46ontogenetically and phylogenetically’. Upon his return to Germany after the war
had ended, Adorno revisited this problem, interpreting the tension between the
analysis of society and the analysis of the psyche as evidence that a tension exists
between society and the psyche themselves. On the one hand, to separate society
and psyche is false because this separation ‘perpetuates conceptually the split
between the living subject and the objectivity that governs the subjects and yet
47derives from them’. (To cite Simon Jarvis, the separation is false when it is treated
48as though it were natural and invariant. ) On the other hand, this separation is true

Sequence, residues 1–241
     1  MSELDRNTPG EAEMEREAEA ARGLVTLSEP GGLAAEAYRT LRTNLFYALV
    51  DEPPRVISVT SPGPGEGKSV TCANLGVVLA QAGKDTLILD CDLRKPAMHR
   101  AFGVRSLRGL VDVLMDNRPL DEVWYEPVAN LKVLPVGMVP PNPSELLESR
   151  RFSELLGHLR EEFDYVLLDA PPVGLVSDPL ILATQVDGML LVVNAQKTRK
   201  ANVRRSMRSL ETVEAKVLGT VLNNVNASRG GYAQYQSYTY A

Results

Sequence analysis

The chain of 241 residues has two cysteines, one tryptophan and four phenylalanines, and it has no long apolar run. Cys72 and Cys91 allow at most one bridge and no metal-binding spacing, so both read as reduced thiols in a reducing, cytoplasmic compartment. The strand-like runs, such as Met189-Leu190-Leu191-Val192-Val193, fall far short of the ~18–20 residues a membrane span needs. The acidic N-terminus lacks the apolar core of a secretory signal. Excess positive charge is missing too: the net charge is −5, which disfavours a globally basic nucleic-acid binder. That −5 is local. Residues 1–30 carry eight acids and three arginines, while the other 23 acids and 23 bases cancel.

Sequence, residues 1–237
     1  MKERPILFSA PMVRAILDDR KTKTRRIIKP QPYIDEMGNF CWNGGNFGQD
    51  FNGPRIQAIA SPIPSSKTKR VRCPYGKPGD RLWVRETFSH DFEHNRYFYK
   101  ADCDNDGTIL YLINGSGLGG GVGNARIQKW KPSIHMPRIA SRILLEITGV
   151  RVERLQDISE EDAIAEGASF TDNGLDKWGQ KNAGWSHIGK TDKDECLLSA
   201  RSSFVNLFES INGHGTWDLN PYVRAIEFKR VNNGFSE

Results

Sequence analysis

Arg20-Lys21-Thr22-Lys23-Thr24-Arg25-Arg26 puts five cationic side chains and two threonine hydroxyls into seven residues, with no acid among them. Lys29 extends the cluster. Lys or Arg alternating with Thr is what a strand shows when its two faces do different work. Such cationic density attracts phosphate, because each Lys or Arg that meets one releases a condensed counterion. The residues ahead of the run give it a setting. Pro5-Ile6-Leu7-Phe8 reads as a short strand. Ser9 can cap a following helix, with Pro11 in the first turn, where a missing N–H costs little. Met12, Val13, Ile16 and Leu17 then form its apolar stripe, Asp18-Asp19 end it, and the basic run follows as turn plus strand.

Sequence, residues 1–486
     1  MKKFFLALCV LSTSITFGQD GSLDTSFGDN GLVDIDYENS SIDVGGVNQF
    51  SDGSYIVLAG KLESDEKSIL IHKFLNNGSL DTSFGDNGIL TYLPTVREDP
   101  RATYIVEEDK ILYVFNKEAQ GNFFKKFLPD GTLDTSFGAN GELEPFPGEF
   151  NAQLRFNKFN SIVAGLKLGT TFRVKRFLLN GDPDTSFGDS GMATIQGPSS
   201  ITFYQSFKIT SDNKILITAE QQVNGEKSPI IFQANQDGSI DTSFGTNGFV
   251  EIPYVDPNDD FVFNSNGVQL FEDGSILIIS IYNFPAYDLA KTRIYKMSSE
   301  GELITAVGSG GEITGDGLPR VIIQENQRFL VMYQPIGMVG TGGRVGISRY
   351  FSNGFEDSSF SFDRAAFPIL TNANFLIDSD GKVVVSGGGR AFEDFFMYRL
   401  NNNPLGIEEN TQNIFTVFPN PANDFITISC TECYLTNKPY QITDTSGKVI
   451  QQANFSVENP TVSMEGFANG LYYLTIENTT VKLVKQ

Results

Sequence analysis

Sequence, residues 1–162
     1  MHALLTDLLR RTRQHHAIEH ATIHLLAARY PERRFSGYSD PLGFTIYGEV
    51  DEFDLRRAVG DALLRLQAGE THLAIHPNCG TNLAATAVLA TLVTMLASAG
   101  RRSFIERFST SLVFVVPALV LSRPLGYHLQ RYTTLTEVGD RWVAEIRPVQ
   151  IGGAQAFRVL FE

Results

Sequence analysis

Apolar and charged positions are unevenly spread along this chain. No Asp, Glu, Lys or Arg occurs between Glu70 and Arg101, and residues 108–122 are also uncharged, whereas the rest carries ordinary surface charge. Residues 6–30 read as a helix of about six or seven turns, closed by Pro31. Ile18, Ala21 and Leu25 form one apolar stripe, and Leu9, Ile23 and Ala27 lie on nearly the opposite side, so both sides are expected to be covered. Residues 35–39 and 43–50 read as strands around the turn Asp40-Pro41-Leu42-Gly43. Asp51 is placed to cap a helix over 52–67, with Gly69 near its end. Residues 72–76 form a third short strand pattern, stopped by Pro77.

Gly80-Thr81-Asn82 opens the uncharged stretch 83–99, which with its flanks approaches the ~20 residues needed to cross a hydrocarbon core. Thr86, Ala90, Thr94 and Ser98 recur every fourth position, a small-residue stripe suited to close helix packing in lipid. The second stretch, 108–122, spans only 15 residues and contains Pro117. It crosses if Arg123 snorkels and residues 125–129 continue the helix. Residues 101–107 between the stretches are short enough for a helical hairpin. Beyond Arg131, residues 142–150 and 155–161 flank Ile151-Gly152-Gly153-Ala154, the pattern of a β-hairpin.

to the extent that ‘inner and outer life’ really are ‘torn apart’ under late capitalism.
Decoding psychoanalysis as an expression of the Zeitgeist, Adorno defended its
focus on instincts and the unconscious – or on our ‘archaic heritage’ – because, by
emphasizing the rift between inner and outer life, psychoanalysis says ‘more about
the hapless state of society than one which seeks, by its “holistic” approach or an
inclusion of “social factors”, to join the ranks of a no longer existing universitas
49literarum’.
Foucault is thought by many commentators to be much less sympathetic to
Freud, but it is important to stress that he had an extensive background in
psychology. After completing a philosophy degree at the École Normale, Foucault
took a second degree in psychology there in 1949. In addition, he received a diplomain psychopathology from the Institut de Psychologie in 1952. During the early 1950s,
Foucault also worked at Sainte-Anne, a psychiatric hospital in Paris. While there, he
helped with the translation of Ludwig Binswanger’s Traum und Existenz – a